I said I couldn’t have lunch with the salespeople tomorrow because there was something I had to do, which was true: I had to be alone.
Things I liked to do on Wellbutrin: blow my boyfriend; lie in bed switching channels; write one-sentence paragraphs; not get mad at store clerks; masturbate; read stereo-equipment catalogues; plan to go to Rome.
Soaked through after walking only half a block, I said to myself, This weather is absurd. Absurd!
I was discouraged to discover that certain childhood experiences continued to wreck my life, and so I had to look at them one more time.
Subway graffiti: “Admit when your gay and a slacker.”
For five years I’d been writing a novel about my teddy bear, in part because I was (and am) perpetually in need of comfort.
Driving me back to the ferry, the grandmother of the kid with HIV said wryly, as we passed the hospital, “There it is, our home away from home.”
When Noelle nearly cried, I said that maybe she was too fragile to be my therapist, but she replied that that wasn’t the case.
On the telephone John and I tried to imitate Mae West’s inarticulate humphs, but since they’re nearly inaudible, we didn’t have much success.
When I took my trespassing ticket to 346 Broadway, they said I had come on the wrong day.
In Union Square station, a teen to a fellow teen: “You sound like a fucking hibernating bear. Maybe you should sleep six months and shit.”
“Moments of a certain off flavor add up,” I wrote,” “and then you perceive you’re in a new phase of your life.”
In my teddy-bear novel I would have to write about shitting my pants all the time when I was five, and I wasn’t sure how to go about describing that.
After eight years, I related to John very well within certain parameters, and we were working to expand those parameters, but sometimes I was afraid I wasn’t up to the challenge.
His nickname for me: Kid. My nickname for him: Kid.
My dentist pointed to a small dark area on the X-ray.
On the phone John read me a funny article about Kathy Lee Gifford.
“There are certain moments and facts the mind returns to, for whatever reason,” I wrote.
I stared out my office window.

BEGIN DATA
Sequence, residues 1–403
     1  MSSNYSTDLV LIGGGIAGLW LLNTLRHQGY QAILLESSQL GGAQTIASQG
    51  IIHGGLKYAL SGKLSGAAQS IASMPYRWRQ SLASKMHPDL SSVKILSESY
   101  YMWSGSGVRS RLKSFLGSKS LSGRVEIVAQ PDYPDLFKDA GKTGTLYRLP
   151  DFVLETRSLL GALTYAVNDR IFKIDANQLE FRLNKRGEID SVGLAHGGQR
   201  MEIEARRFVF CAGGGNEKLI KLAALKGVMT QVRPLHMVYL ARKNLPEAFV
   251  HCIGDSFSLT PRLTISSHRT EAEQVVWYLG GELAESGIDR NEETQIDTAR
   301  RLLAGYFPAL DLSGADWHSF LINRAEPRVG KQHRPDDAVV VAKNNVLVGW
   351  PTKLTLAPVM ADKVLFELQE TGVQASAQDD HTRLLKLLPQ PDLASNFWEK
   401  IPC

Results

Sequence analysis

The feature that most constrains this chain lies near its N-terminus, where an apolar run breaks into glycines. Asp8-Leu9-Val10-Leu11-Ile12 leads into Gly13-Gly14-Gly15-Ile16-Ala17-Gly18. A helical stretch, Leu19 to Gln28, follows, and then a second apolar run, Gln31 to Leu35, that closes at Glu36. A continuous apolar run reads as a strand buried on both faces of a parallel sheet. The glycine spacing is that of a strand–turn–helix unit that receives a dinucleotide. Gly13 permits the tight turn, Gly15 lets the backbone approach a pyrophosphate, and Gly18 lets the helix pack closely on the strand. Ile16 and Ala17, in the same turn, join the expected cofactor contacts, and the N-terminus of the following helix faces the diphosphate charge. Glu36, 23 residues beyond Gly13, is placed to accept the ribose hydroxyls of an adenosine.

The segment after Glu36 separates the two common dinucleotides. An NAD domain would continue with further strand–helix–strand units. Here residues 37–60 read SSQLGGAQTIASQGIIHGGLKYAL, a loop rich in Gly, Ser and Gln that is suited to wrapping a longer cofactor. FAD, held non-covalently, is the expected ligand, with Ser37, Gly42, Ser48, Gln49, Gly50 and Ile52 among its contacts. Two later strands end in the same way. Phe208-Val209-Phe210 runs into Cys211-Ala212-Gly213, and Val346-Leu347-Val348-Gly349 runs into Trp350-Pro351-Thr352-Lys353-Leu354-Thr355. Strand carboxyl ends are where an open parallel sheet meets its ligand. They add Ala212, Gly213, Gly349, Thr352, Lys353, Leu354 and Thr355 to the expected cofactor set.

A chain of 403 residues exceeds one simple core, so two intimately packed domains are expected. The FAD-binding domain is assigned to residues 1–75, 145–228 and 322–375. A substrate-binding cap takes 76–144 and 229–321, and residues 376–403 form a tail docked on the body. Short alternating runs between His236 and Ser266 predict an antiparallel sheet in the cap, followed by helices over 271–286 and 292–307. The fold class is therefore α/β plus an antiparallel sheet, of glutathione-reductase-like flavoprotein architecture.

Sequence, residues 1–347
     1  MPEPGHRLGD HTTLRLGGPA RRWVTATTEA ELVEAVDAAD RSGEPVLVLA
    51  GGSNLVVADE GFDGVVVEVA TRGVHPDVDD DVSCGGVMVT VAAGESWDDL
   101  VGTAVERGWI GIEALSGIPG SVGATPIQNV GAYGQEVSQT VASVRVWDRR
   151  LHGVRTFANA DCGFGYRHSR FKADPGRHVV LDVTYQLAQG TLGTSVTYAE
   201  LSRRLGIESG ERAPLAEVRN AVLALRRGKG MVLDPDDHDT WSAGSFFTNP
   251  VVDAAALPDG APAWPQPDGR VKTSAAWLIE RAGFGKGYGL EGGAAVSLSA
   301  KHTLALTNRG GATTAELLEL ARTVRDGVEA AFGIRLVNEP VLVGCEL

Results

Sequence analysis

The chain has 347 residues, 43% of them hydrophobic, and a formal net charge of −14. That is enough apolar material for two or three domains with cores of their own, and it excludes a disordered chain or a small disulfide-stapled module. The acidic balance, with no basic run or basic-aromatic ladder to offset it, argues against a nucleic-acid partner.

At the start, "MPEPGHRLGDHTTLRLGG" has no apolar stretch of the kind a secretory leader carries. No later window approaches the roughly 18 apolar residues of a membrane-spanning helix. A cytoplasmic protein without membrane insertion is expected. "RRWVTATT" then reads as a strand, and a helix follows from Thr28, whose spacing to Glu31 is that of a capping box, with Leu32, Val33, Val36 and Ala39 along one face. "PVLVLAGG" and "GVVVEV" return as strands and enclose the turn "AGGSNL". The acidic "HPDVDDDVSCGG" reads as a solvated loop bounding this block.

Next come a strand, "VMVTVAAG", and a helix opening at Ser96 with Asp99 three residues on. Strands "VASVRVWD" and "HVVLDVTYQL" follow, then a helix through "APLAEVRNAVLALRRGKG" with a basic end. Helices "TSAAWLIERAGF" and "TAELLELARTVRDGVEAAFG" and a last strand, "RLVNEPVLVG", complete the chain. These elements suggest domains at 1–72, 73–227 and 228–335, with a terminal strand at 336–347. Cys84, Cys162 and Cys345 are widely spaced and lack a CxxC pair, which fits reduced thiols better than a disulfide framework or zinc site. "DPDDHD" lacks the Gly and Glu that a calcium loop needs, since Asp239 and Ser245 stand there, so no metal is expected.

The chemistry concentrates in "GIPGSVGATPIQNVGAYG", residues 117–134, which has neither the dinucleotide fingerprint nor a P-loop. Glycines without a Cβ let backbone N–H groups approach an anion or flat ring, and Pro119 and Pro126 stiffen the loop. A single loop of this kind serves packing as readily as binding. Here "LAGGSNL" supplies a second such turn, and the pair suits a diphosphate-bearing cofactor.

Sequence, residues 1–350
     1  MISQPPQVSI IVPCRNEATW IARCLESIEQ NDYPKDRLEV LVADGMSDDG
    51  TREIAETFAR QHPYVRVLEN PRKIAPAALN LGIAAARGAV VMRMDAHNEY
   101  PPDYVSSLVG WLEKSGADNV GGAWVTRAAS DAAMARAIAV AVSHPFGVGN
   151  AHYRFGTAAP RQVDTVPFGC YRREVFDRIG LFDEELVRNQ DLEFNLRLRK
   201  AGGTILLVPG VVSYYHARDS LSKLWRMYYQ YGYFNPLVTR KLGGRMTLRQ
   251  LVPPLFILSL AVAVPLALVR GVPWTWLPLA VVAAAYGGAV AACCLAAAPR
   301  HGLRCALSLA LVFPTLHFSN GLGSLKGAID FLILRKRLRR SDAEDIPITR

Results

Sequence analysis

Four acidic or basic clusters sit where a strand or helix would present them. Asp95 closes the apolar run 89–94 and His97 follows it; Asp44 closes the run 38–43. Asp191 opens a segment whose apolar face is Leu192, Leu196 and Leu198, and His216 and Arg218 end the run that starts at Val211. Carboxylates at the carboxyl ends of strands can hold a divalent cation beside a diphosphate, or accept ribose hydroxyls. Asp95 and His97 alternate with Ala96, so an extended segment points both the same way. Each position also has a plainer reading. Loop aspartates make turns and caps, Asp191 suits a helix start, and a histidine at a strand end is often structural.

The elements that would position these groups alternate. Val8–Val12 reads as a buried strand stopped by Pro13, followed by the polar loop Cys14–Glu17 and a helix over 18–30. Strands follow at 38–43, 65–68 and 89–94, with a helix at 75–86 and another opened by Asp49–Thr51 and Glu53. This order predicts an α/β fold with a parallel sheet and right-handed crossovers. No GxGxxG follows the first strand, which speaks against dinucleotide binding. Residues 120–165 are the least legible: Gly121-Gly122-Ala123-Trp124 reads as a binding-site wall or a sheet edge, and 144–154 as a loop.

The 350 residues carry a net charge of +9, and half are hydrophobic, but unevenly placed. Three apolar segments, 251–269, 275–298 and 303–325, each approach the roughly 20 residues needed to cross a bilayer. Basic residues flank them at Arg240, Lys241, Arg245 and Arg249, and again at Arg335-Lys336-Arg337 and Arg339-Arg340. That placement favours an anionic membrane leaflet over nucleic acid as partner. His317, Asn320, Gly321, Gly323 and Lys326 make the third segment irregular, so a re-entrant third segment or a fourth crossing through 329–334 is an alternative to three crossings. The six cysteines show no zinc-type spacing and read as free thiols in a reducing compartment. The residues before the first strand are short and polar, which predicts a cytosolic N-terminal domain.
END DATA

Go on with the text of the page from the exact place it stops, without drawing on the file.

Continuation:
There was nothing more to be done for the tooth, so I would have to have it pulled, and it would have to be done now, before I went to Rome.
Young subway cop, tubby and all in blue, standing by the token booth vigorously chewing his nails.
Thought: Didn’t Dante refer to middle age as a “forest?”
* * *
“You may hear a cracking sound,” said the oral surgeon, who was also named Cliff. He was inserting a pair of pliers in my mouth. I heard the cracking. Occasionally life plunges you into an experience that, for its utter intensity and obscure resonance, may as well be a dream. “You doin’ okay?” Cliff asked. “Uh-huh,” I tried to say, though actually even after the five or six shots of Novocain I still had some sensation in one spot on my gum, but this was too difficult to explain. My mouth was propped open by a black plastic brace, which I bit down on with my left teeth, the side he wasn’t working on. Cliff said, “You’re going to feel some vibration.” I glimpsed the instrument before it went in. I wondered if he wished I’d opted for the Valium or Demerol, so that he wouldn’t have to explain everything he was doing. He was, however, very good at explaining. I felt that high-pitched vibration of the power tool (drill? tiny saw?). Then the tugging of the pliers, as the gray-haired German-accented assistant gently but firmly—Germanly, I thought—held my chin in place. More tugging. This went on for a while, the power tool, then the pliers, first one root, then the other. I kept my eyes closed and the light on my eyelids was bright as daylight. I tried to imagine I was at the beach. Again and again my shoulders tensed up and I would have to remember to relax them. To describe this ordeal as primal might be misleading, since I was too deep in the woods of it to describe it to myself at all. If I were to interpret, I might say it confirmed a nameless and fundamental conviction that life had stolen something nameless and fundamental from me. This might also be called the human condition, but like the protagonist in a dream I was exempt, for the time being, from drawing any such conclusions. At last there was a final tug, which, though I could see nothing, seemed decisive and was. He dropped the pliers in the metal tray with a clang.
* * *
Just as I switched the channel to Jenny Jones, she said, “So, you have sex for money. And you work at White Castle?”
Mouth full of gauze, I had to stop by the office because the goddamn FedEx package hadn’t arrived the day before.
On the subway stairs: “If I hear any more about your anger management class, I’m going to throw up.”
I read that a fever after a tooth extraction is normal.
I began seeing flashing lights on the periphery of my left eye, so I called my magician-ophthalmologist, who told me I had Moore’s Lightning Streaks, a harmless condition that can affect nearsighted people in middle age.
Apparently Barbara Stanwyck once said “Fuck you” to Loretta Young.
I tried to participate in my oral surgeon’s manful matter-of-factness, but I still mourned the molar, designated “number 30.”
I broke down when Noelle said she felt outrage for certain things I had suffered as a child.
Cliff had also been my oral surgeon more than fifteen years earlier, on this very same tooth, which that time was saved, and that time I did choose the Valium and Demerol—
“Cliff … Cliff … Cliff …? Howyadoin’?”
This essay is excerpted from The Tooth Fairy: Parents, Lovers, and Other Wayward Deities, which will be published tomorrow. Copyright © 2014 Clifford Chase. Published by The Overlook Press. All rights reserved.
Clifford Chase is the author of Winkie, a novel, and The Hurry-Up Song, a memoir. He edited the anthology Queer 13: Lesbian & Gay Writers Recall Seventh Grade, and his writing has appeared in publications ranging from Newsday to Yale Review to McSweeney’s. He lives in New York City.